The art of being misleading (or maybe just mistaken)

I recently became aware of an article published on The Conversation website over a year ago, written by James Painter, author of Poles Apart: the reporting of international scepticism. The article, entitled Enough scientific certainty exists on climate change to challenge media sceptics (4 March 2014), is still worth reading if you haven’t seen it. Here is the crux of his argument:

So when sceptics stress the “nobody knows” narrative, they are misrepresenting the existence of any uncertainty at all as meaning that, for example, no action to reduce carbon emissions is necessary. It’s the nature of climate science that there are lots of uncertainties, but this doesn’t mean scientists know nothing, or are simply speculating.

However, it should be noted here that Painter uses the terms ‘scepticism’ and ‘sceptics’ solely for convenience: As is self-evident from what he writes, he does not accept this is an accurate term for those whose statements he analyses. If you do not understand what I mean, perhaps the following will help: Having read the above article, I decided to look at the comments, amongst which I found this from someone going by the name goldminor sanchez:

Here is another way to look at co2. Human emissions of co2 equal approximately 4% of the yearly release that goes into the atmosphere, the other 96% is natural. Co2 itself constitutes 400 parts per million of the atmosphere. So we have only added a tiny fraction of the total amount of a fractional gas. If the Earth was that sensitive to such a tiny change, then man and most life forms would have been wiped out many billions of years ago. That is something to consider.

This comment is so misleading, or simply betrays an astonishing level of scientific illiteracy, that I felt compelled to respond (even though over one year late). I also reported sanchez for being misleading. Therefore, just in case his comment is removed, I have included it above. However, for ease of reference, here is my response (which explains what real sceptism is):

Here is yet another way to look at it… “Natural” CO2 is in constant circulation between the biosphere and the atmosphere (as is water), whereas “unnatural” CO2 has been out of circulation for millions of years. Thus, humans are well on the way to adding all this geospheric carbon back into the biosphere in just 300 years (thousands if not millions of times faster than the Earth can recycle it). There have been 5 mass extinctions in geological history, all of which have resulted from climatic changes that occurred faster than organisms could adapt. Post-industrial change is about ten times faster than any “natural” change in geological history. That is why biologists have concluded that the 6th mass extinction is already underway. To be sceptical is to accept that all our beliefs about reality are potentially falsifiable by contradictory evidence. Therefore, rejecting all evidence contrary to your antecedent beliefs (as young earth creationists do) is the opposite of being sceptical.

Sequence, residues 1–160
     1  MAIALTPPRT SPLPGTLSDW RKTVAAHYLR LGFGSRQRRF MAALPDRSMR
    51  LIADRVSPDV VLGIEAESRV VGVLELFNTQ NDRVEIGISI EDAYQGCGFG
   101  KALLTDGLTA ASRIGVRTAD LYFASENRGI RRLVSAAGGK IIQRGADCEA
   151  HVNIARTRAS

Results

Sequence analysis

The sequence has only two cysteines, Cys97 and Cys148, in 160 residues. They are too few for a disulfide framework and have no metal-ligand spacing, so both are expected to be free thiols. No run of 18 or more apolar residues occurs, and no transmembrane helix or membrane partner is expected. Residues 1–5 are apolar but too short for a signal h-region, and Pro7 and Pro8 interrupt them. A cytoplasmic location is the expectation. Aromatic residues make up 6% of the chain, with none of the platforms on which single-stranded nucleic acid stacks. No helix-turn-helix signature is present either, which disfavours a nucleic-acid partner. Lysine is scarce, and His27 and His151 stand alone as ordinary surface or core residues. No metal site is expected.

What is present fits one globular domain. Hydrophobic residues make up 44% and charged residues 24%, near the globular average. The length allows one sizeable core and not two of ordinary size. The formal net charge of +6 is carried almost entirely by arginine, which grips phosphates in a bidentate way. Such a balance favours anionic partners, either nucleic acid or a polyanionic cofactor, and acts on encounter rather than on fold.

Given all of the above, it should be clear that disputing the primary human responsibility for ongoing climate change is not consistent with some very basic physics,* the totality of what we should learn from the Earth’s geological history, and the philosophical roots of genuine scepticism. ————- * See: https://anthropocenereality.wordpress.com/2012/07/11/conserving-mass-water-and-energy/

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About Rick Altman

Possibly just another 'Climate Cassandra' crying 'Wolf' in cyberspace. However, the moral of the old children's story is that the Wolf eventually turned up!
This entry was posted in Climate Science, Denial, Environment, Fossil Fuels, Scepticism and tagged , , . Bookmark the permalink.

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